G2 and Evo go global
T-Mobile UK seem to be making a habit of being first when it comes to Android phones; the moment HTC announced that their G2 and the Evo models would be going international, T-Mo were ready with pricing plans. The handsets, re-branded as the Desire Z (G2) and the Desire HD (Evo) will be available from the carrier in two weeks on £40 ($70) a month contracts. If you fancy a SIM unlocked phone why not pay play.com a visit, where they are offering the handsets at £429 ($772) for the G2/Z and £469 ($844) for the Evo/HD with similar offers available on Amazon et al.
The streets of Milton Keynes
I like the idea of naming devices after places, like Orange's new Android handset the San Fransisco (pictured). It avoids the pretensions of sticking an 'i' in front or a 'z' behind the name. Of course outside the States our view of Frisco is a distorted one, full of handsome boffins big red bridges and pot smoking trolley buses – this of course is the idea, to make the phone cool through association. It certainly lacks any other claims to cool, with a puny 3MP camera and just 150 MB of storage, but, labeled as an "entry level" phone the price should reflect its lack of credentials when its released next week in Europe.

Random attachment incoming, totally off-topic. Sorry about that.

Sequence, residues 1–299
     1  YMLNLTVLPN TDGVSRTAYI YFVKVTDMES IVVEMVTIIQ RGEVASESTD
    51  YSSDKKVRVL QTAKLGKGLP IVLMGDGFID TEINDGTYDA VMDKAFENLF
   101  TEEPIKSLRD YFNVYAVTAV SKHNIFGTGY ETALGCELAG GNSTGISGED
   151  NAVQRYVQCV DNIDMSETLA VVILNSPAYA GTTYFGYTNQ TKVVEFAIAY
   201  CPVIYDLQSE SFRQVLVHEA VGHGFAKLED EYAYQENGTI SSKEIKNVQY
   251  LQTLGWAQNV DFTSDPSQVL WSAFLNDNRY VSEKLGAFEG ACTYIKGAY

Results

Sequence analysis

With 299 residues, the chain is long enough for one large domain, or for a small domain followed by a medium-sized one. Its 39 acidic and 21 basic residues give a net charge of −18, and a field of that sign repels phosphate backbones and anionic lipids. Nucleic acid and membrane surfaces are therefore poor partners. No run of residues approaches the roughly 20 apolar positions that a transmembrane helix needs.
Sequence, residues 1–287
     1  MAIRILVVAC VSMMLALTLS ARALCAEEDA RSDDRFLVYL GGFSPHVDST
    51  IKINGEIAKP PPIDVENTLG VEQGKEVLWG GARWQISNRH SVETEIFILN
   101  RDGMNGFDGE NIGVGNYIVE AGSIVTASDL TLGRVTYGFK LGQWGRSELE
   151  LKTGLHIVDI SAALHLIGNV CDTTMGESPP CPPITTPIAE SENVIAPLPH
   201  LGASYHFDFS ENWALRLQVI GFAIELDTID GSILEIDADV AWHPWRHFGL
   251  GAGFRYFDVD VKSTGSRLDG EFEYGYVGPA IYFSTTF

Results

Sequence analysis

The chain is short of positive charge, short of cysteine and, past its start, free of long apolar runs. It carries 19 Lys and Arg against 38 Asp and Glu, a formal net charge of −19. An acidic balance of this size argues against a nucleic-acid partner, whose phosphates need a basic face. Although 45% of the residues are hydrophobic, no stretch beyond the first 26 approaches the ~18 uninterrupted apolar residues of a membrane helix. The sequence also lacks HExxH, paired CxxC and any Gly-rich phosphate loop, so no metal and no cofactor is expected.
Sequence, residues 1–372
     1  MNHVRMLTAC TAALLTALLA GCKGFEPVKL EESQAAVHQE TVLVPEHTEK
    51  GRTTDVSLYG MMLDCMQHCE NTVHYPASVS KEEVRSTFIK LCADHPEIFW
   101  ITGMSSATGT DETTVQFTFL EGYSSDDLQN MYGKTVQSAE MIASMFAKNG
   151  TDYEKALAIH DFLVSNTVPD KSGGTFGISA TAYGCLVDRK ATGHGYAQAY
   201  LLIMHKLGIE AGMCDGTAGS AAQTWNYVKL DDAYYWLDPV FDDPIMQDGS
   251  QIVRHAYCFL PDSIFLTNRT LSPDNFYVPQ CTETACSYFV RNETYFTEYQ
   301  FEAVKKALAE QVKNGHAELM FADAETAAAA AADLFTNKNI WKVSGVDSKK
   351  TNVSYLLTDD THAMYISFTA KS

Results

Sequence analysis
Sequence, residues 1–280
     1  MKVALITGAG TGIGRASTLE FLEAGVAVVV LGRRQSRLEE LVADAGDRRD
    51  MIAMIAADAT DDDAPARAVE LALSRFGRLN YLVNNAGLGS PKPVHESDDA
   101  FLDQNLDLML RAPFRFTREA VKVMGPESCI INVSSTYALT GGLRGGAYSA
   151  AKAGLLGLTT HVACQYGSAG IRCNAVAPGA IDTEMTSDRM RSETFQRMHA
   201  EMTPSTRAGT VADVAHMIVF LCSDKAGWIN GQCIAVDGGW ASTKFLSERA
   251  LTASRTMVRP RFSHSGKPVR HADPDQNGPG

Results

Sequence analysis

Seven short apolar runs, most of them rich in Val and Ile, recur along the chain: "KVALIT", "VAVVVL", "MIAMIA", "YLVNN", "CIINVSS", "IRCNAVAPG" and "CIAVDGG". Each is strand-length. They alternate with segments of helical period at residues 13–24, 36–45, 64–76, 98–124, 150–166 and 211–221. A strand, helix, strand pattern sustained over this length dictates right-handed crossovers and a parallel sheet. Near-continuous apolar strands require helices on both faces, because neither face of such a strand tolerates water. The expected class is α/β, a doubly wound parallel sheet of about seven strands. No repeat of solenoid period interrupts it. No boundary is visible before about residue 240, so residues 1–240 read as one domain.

Google are the new Tom Tom
We all know how to turn our Android handsets into sat navs with Google Navigator and its quite the thing to see cycle couriers in London with a phone taped to their handlebars. Google Japan faced a tough challenge or two though, when converting the software to run there. For a start, many Japanese roads simply don't have names and are referred to using relative locations and this cultural quirk has had to be coded in, as has the ability to plan routes that avoid the thousands of toll roads that pepper the islands. Its these kind of savings that will make Android handsets with their built in Google Map APIs pay for themselves.
Is it a laptop? Is it a tablet? No… Its a LePad!
We told you that Chinese based multinational Lenovo were planning an Android tablet marked for the Far East back in July. Well here it is.
See how it works? slip your tablet into the casing and its a laptop – pop it out and its a tablet again. I can't work out if its totally unnecessary or a work of shear genius although I'm starting to lean towards the latter. When the U1 Hybrid ships in December, customers will be able to buy the tablet on its own as the LePad or together in the hybrid format. I doubt this will be the last time we see this kind of original format, I certainly hope not.